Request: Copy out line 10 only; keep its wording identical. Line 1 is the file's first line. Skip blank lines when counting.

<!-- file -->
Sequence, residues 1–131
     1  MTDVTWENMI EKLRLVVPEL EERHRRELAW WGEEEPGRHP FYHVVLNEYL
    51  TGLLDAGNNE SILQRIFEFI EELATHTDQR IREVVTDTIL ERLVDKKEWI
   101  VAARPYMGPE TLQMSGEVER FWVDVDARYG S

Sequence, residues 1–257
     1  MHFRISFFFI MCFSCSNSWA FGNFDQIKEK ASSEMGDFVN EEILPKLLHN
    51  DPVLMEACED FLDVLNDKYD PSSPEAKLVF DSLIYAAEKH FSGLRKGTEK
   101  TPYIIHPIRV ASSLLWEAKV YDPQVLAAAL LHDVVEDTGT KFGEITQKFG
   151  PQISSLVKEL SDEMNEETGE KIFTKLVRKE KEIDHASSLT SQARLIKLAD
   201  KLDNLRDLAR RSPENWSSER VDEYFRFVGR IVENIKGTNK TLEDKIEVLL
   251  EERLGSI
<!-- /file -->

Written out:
   201  KLDNLRDLAR RSPENWSSER VDEYFRFVGR IVENIKGTNK TLEDKIEVLL